Separated by an ocean, two people connect through gaming, similar passions and a rare disease

As a child, Megan Shaw always fell. She bruised easily, seemed prone to accidents, and fainted a lot. As a teenager she discovered that she… Ehlers-Danlos syndrome, a rare genetic disorder that affects connective tissue. But at 23, she’s focusing on what she can do, not what she can’t.

Born in Scotland, she enjoys “wild” (in other words non-pool) swimming in nearby lochs (including Loch Ness) with friends and family. In the winter she wears a wetsuit, but she doesn’t have to wear a brace or tape in the cold water, which soothes her joints. Mountain hikes are also part of her routine, although her backpack comes with a hopper. She is also six months out of medical school and doing a vascular surgery rotation as a physician trainee (the equivalent of a US medical residency program). She wants to pursue a career as a pediatrician.

“Pediatrics is all about helping kids live with what they have,” she says. “It’s about getting their symptoms under control to a point where they can do the things they want to do.”

This is a philosophy that also drives her own approach to the disease she lives with.

She has never personally met anyone who also suffers from this rare disease – although she had checked out some online support forums – but recently came into contact with a teenager in the US who also lives with Ehlers-Danlos. They star in “Beyond Xbox: A Player Like Me”, the next film in the Xbox “Beyond” series, which began with “Beyond Generations”.

“It was actually very easy to talk to him. It was almost like talking to myself a few years ago,” said Shaw, who chatted with Jordan Strong, 15, over a headset while the two played the car racing game Forza Horizon 5. Shaw played from her house while Strong used a GO Kart (Gamers Outreach Kart) system equipped with an Xbox Series S in a facility where he does physical therapy every other week.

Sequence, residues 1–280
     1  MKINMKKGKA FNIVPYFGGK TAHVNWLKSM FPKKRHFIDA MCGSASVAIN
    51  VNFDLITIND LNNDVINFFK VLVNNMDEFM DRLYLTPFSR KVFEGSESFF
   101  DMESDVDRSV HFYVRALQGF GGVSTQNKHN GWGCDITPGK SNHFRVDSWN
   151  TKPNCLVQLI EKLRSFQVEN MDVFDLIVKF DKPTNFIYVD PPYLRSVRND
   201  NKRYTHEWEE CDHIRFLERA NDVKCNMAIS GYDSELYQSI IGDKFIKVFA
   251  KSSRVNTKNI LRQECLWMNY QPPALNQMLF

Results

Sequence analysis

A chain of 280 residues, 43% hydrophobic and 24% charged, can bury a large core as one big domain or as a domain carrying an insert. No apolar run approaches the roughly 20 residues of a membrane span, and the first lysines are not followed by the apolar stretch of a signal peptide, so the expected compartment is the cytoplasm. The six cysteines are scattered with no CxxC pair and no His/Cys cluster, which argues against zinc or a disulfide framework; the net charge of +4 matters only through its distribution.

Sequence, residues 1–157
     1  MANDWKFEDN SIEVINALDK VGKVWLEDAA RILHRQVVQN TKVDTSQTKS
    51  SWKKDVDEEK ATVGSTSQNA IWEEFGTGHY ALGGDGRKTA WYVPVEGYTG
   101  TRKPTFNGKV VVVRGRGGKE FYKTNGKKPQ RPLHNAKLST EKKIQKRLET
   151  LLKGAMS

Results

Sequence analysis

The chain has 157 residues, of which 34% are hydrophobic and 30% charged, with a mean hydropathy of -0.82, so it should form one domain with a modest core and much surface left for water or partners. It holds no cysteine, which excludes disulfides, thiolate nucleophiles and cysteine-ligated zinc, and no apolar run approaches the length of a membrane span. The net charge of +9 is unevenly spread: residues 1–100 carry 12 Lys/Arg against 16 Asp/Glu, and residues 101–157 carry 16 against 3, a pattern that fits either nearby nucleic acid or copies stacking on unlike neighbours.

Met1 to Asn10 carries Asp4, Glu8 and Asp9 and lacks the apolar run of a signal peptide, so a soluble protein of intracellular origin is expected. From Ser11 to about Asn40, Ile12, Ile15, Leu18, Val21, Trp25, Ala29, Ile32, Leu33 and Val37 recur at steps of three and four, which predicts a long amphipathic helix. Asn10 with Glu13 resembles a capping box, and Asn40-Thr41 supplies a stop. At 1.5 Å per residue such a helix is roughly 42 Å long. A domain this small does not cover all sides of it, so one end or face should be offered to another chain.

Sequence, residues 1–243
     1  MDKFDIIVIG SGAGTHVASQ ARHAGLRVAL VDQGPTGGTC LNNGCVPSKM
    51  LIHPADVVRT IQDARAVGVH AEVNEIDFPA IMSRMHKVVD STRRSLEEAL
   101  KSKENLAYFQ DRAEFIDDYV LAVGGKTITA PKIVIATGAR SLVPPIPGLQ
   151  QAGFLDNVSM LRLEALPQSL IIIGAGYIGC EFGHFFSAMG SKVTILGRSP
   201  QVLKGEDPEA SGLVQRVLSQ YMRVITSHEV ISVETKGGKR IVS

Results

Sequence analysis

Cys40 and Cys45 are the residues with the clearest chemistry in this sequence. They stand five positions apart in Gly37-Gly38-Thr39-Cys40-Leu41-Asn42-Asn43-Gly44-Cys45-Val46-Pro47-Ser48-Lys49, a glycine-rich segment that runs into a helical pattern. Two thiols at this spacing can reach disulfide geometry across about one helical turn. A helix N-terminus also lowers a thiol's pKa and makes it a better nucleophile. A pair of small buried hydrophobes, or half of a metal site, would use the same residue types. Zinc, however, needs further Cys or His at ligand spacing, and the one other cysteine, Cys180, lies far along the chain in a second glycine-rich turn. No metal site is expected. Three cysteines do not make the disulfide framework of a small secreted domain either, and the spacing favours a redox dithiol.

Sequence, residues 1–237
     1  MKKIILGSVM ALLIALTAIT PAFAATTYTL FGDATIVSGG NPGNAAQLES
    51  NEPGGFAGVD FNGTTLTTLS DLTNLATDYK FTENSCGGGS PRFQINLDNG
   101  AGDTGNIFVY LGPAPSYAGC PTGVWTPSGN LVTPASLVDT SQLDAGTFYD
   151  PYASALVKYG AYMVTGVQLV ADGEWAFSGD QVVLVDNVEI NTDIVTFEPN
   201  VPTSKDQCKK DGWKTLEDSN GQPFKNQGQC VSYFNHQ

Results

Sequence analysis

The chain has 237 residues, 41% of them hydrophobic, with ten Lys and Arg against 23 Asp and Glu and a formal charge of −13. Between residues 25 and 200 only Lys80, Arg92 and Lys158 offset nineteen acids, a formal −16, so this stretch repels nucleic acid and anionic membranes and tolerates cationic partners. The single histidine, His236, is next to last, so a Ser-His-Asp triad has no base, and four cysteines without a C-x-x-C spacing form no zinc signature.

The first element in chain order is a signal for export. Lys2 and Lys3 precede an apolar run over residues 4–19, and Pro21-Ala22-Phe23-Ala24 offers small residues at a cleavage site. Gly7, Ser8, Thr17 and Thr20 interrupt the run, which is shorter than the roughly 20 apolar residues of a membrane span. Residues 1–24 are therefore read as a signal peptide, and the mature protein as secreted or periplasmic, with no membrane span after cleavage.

The two spent hours getting to know each other while playing the game.

“I’m not that much older than him, but I didn’t know if we’d have anything in common,” Shaw says. “But it turns out we have quite a lot in common.”

They share a love for music. She plays the piano; he sings in choirs. They both have siblings who are able to do things they wanted to do but couldn’t: baseball for him, diving for her.

There was also benign ribbing, as Strong joked about Shaw’s driving skills as they played the game. (In her defense, she notes that they drive on the opposite side of the road where she lives.) They’ve both spent time trying to find each other on the Forza map, too. Their conversation ebbed and flowed naturally, but in between the fun chats, they also talked about serious topics.

A boy with headphones plays a video game
Jordan Strong plays Forza Horizon 5 while chatting with Megan Shaw

“We talked about how sometimes you get medical advice, but in the end you know your own body. You’re the one who has to live with it,” Shaw says. “It’s just nice to talk to someone who understands. I think in the end it doesn’t matter if they are a different age than you or if they are in a different country. My friends or family really support me, but it’s kind of hard to understand if you’ve never experienced it.”

Strong, a high school freshman in a small Georgia town, had never even spoken to anyone else who had Ehlers-Danlos. Even though he and Shaw have different subtypes of the disease, he still found great value in their conversation — and hoped to reconnect.

“It was really cool to see outside of Ehlers-Danlos that we share common interests and understand each other, more than just what you two are going through,” says Strong, who admired Shaw’s active and outgoing life. “That was surprising, how she could kind of set the risks aside.”

The film emerged as the next in Xbox’s experimental storyline that focuses on how gaming can be an important medium for connecting with others, especially during the pandemic. “Beyond Generations”, which debuted in December 2020, showed how a UK-based grandfather and grandson, separated by lockdowns, kept in touch through their headsets and through games.